Bolton Clarke nurses and community carers last month voted no to their employer’s proposed unfair enterprise agreement.
More than half of Bolton Clarke’s employees across Victoria, Queensland and New South Wales participated in the ballot with the majority voting no.
ANMF has invited Bolton Clarke to resume negotiations. At the time of publication Bolton Clarke had not yet responded.
ANMF Secretary Lisa Fitzpatrick said: ‘Congratulations to our Bolton Clarke members for standing together and rejecting this disrespectful agreement.
‘ANMF is looking forward to negotiating fair wages and conditions for all Bolton Clarke nurses and carers.’
The proposed agreement would have cemented an unfair, two-tiered system of wages and conditions resulting from Queensland’s RSL Care’s takeover of the Victorian Royal District Nursing Service in 2015. The new entity, Bolton Clarke, employs nurses and carers in Victoria, Queensland and New South Wales.
While former RDNS nurses and carers remained on the wages and conditions of their pre-takeover enterprise agreement, all new Bolton Clarke nurses and carers employed in Victoria are paid less and have fewer entitlements under its inferior Queensland agreement.
The RDNS agreement expired in July 2018.
Bolton Clarke pulled out of negotiations for a new national agreement in March this year. Management then decided to ballot its proposed agreement following the Fair Work Commission’s decision on 12 July to reject the ANMF (Vic Branch) application for a Victoria-only agreement, known as a scope application.
The unfair proposed agreement provided different wages and entitlements, for the same work, depending on whether you were a former employee of Victoria’s Royal District Nursing Service.
The rejected Bolton Clarke proposal included:
|If you were employed under the
Victorian RDNS agreement
|New employees under the RSL agreement|
|No wage rise unless the Victorian rate falls below the Queensland rate. The last pay rise was in mid-2017.||Annual wage increases of: 2.5%, 2.25%, 2.25% and 2.25%. No back dating, no specified pay rise dates.|
|Qualification allowance between 4-7.5%||No entitlement|
|26 weeks LSL at 15 years’ service
accessible at seven years
|13 weeks LSL at 15 years’ service
accessible at seven years
|Entitlement to a disciplinary process providing a stepped and fair approach to warnings or dismissal||No entitlement|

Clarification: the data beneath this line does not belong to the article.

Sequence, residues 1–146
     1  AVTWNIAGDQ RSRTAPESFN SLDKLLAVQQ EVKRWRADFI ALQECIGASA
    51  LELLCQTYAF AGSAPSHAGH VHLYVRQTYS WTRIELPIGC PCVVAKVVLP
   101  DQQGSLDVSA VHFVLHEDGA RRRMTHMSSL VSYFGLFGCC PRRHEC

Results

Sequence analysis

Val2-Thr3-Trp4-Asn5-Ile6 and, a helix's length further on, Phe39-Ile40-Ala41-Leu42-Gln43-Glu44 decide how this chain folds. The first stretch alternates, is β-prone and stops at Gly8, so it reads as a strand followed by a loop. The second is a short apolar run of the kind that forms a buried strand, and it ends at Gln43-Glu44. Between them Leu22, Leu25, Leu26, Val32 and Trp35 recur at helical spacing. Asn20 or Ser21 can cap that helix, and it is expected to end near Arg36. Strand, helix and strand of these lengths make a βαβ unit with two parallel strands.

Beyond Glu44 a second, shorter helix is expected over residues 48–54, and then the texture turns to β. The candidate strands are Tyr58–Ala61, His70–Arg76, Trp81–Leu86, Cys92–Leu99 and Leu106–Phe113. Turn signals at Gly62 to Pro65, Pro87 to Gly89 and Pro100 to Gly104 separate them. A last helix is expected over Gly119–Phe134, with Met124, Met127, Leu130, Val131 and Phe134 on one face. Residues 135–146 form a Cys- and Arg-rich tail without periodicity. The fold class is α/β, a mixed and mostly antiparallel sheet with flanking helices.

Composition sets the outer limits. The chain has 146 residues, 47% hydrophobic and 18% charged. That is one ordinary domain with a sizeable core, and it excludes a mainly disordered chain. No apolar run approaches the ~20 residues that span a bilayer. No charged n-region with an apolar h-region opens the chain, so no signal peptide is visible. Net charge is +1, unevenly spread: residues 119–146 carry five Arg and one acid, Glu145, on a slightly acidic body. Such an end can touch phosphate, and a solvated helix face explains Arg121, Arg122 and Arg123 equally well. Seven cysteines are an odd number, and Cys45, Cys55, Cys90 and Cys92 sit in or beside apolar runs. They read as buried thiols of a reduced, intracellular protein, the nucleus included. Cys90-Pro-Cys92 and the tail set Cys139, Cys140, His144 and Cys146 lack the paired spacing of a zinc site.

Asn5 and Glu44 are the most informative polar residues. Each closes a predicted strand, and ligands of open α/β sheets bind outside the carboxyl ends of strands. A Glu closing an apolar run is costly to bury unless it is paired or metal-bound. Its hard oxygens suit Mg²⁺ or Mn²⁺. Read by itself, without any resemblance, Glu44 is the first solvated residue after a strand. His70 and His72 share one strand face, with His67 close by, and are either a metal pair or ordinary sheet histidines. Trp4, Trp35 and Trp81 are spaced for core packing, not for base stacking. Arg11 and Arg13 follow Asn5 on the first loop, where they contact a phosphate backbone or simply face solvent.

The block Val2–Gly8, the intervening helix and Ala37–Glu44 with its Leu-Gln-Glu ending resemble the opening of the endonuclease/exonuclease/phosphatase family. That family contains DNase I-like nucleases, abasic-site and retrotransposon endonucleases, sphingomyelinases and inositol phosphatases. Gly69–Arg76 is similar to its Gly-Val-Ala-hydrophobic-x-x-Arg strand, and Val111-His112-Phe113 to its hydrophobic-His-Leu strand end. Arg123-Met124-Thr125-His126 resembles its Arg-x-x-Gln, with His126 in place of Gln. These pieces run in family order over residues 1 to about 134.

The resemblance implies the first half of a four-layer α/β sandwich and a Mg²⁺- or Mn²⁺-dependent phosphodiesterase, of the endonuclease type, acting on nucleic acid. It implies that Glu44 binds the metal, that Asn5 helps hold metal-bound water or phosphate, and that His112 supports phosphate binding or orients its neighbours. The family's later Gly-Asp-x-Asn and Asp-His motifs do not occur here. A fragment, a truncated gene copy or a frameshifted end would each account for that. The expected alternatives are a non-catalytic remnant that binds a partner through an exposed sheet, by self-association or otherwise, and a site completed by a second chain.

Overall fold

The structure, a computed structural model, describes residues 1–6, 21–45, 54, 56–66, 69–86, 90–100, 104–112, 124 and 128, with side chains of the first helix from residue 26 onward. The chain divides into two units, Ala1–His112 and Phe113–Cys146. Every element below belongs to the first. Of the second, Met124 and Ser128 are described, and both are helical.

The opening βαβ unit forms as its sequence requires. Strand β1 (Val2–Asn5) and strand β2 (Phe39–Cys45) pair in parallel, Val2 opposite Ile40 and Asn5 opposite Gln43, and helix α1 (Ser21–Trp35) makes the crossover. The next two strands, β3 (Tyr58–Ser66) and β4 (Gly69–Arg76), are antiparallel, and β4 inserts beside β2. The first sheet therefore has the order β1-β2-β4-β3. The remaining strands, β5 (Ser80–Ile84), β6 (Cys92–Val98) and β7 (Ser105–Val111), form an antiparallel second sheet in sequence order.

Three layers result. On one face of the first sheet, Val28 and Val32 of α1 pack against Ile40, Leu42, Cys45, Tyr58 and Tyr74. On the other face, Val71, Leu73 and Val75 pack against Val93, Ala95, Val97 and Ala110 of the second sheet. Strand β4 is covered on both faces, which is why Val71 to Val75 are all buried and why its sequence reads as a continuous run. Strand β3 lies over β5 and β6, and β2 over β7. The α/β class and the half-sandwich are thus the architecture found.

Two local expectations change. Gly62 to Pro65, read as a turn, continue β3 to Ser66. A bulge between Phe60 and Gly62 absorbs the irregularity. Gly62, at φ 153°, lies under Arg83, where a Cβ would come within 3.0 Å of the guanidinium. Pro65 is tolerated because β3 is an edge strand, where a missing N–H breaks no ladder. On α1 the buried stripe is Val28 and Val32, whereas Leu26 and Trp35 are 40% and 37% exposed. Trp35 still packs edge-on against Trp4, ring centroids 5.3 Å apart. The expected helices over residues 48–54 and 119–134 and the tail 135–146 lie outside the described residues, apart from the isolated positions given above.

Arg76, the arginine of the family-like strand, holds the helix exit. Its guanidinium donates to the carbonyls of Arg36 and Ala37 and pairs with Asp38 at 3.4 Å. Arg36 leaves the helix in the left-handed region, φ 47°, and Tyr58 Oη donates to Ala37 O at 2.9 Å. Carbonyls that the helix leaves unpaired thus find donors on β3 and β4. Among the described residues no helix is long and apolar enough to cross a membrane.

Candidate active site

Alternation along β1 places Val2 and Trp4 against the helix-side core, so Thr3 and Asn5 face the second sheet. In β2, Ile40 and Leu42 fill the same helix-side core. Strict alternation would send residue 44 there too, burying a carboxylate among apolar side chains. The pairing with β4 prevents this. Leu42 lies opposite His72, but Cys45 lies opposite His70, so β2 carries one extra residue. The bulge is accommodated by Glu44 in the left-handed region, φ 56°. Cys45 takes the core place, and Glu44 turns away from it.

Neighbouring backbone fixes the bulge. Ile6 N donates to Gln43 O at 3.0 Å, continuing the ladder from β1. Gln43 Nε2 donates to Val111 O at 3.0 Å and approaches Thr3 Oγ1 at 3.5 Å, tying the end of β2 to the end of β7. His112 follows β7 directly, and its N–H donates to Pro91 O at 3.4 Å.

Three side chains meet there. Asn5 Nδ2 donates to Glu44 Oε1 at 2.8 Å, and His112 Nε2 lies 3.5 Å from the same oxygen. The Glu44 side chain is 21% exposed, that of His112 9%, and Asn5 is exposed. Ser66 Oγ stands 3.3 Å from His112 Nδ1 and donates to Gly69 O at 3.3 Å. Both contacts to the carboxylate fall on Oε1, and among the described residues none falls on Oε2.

|Entitlement to status quo in the event of a dispute (an employer can’t change work practices where these are disputed)||No entitlement|
|Provision of an 8-week redeployment period to enable redeployment options to be explored||No entitlement|
|Relocation allowance where a significant financial loss is suffered due to relocation||No entitlement|
|52 weeks’ income maintenance in context of organisational change||No entitlement|
|Fixed term employment limited to genuine fixed term arrangements||No limitation|
|Five days professional development leave||No entitlement|
|Personal leave of 12 days in the first year of service, 13 in the second, third and fourth years of service and 19 thereafter||Personal leave of 10 days|
|Five weeks’ annual leave for all nurses and carers (six weeks for shift workers)||Five weeks annual leave for nurses, four weeks annual leave for carers|
|Leave loading of 17.5% or projected roster whichever is greater||Leave loading of 17.5% only|
|Shift allowances payable in addition to public holiday and weekend penalty rates||Shift penalties paid instead of public holidays and weekend penalty rates|
|Redundancy pay of two weeks per year of service capped at 20 weeks||Up to 16 weeks’ pay|
|Performance improvement processes that provide an entitlement to a fair process of support to achieve performance standards||No entitlement|
|All overtime worked on Saturday and Sunday paid at 200%||First two hours of overtime worked on Saturday paid at 150% and double time thereafter|
|Travel allowance $0.91 – $1.11||Travel allowance $0.78|
|20 days domestic and family violence leave||20 days domestic and family violence leave|
ANMF members are encouraged to invite their colleagues to join their union and support the campaign for better wages and conditions.